“He developed our TCO analysis spreadsheet,” Miles said, “and what’s great is that this TCO model is a natural fit for DFM. With [the software] we get what we call the ‘should cost’ for materials and processes that go into a product. And that’s where the TCO model starts.”
The company’s TCO model has three tiers, the first being the individual piece part and assembly costs, which come from DFM. The second tier of TCO incorporates factors such as inventory holding costs (for instance, to account for longer lead times from certain supplier locations) and total landed costs that include elements like insurance and duties. “This is especially useful when we examine suppliers from different locations,” Miles said. He added that the third tier incorporates hidden costs, factoring in different overhead costs, the cost of poor quality, and engineering costs.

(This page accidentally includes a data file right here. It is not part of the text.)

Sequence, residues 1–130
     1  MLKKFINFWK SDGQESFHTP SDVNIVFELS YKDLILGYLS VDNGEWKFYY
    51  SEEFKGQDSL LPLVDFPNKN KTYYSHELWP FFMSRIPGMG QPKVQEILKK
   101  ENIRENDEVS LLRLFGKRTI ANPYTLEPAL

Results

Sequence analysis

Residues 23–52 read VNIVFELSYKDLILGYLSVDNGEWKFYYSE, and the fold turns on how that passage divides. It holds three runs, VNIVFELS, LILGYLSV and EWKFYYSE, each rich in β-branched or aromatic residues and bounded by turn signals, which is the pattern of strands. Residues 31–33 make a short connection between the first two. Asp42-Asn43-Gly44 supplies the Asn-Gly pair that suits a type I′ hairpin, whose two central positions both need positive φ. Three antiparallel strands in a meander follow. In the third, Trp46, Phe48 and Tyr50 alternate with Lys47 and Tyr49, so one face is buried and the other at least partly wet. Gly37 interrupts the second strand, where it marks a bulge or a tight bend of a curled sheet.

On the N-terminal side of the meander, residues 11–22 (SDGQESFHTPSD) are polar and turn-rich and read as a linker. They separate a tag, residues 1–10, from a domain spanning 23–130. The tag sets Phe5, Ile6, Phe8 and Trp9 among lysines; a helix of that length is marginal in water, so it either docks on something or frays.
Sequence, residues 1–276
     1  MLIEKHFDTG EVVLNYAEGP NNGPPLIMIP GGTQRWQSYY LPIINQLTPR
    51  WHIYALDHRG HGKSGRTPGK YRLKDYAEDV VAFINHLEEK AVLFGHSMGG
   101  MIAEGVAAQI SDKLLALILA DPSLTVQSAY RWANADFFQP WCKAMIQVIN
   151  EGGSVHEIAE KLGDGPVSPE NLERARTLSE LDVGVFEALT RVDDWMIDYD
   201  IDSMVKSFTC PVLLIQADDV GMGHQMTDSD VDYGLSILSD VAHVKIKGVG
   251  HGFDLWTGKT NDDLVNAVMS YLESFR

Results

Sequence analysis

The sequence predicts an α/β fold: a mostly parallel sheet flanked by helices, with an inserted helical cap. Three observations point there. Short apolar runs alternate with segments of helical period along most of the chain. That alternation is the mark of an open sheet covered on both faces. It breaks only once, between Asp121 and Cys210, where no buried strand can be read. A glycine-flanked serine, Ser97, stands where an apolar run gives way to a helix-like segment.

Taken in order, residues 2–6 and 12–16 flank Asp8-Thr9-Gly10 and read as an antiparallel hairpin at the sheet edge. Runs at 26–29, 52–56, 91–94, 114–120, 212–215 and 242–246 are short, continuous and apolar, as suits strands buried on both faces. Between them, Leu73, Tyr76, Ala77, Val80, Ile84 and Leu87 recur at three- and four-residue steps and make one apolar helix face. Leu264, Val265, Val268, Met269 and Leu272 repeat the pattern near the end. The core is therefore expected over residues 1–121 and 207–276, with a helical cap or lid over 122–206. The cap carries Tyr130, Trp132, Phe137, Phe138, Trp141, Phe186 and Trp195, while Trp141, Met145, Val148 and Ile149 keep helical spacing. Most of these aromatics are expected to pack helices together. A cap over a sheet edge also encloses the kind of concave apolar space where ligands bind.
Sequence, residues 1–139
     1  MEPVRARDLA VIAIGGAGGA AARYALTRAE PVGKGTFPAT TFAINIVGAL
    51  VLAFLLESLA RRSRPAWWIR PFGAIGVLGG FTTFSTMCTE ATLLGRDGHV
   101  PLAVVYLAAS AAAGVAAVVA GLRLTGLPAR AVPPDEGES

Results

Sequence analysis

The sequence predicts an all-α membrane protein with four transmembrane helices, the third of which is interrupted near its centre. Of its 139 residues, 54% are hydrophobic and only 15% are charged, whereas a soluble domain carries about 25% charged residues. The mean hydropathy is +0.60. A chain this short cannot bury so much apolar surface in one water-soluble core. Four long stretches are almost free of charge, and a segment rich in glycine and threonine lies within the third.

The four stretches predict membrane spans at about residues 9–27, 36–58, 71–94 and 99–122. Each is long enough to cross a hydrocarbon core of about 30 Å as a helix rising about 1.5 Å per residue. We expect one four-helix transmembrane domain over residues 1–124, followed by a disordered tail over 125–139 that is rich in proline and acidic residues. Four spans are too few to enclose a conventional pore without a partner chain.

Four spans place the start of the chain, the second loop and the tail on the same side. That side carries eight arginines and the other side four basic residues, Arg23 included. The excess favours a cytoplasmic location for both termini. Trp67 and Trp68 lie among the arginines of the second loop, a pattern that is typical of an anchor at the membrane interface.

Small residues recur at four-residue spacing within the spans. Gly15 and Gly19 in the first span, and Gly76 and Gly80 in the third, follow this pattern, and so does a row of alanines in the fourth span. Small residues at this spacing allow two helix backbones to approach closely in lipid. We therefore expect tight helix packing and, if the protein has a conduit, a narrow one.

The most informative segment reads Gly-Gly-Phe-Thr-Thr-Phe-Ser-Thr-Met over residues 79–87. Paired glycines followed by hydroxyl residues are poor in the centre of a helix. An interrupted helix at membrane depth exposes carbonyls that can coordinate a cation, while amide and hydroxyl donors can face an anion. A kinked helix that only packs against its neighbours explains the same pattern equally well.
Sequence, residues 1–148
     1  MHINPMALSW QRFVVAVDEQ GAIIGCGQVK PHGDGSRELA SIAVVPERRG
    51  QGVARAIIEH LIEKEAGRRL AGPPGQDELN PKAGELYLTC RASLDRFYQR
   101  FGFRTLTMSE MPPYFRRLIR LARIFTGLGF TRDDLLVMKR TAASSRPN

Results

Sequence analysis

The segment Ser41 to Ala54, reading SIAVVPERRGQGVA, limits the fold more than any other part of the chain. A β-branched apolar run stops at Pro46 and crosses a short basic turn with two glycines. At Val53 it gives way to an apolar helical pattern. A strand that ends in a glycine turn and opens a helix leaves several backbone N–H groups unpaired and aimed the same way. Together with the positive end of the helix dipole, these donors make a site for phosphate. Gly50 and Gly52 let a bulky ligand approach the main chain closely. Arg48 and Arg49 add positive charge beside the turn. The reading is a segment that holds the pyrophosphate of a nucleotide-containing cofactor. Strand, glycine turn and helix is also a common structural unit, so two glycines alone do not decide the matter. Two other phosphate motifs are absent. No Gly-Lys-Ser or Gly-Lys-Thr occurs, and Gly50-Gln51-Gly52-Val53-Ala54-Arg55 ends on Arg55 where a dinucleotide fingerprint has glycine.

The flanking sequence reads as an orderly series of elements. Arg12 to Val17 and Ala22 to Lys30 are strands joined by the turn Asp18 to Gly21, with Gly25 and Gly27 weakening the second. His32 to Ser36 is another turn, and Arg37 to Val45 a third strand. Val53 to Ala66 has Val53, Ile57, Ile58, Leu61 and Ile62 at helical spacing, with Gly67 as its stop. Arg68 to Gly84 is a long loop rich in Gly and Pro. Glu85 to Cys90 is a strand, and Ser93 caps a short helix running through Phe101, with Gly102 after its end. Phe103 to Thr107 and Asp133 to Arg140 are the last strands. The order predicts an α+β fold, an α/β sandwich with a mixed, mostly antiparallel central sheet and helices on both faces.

The TCO model incorporates risk factors like natural disasters, infrastructure issues, and intellectual property issues, especially if sourcing from low-cost locations. “We factor in these costs that aren’t usually considered,” Miles said, “and this makes up an entire third of our total cost of ownership calculation. We can, say, get three different quotes from three suppliers in different regions, and we run this analysis side by side. Our TCO tool gives us a good estimate of the costs we may miss instead of looking solely at the cost of a specific part.”
Developing a “Should Cost”
Establishing TCO is a bit like building a pyramid, and at its base is DFMA. Again, the software analyzes the cost of a part made at a certain volume, while TCO analyzes the total cost of the entire job, including costs that often lie hidden, particularly in global supply chains. Still, if the software stands on shaky ground, so does the TCO.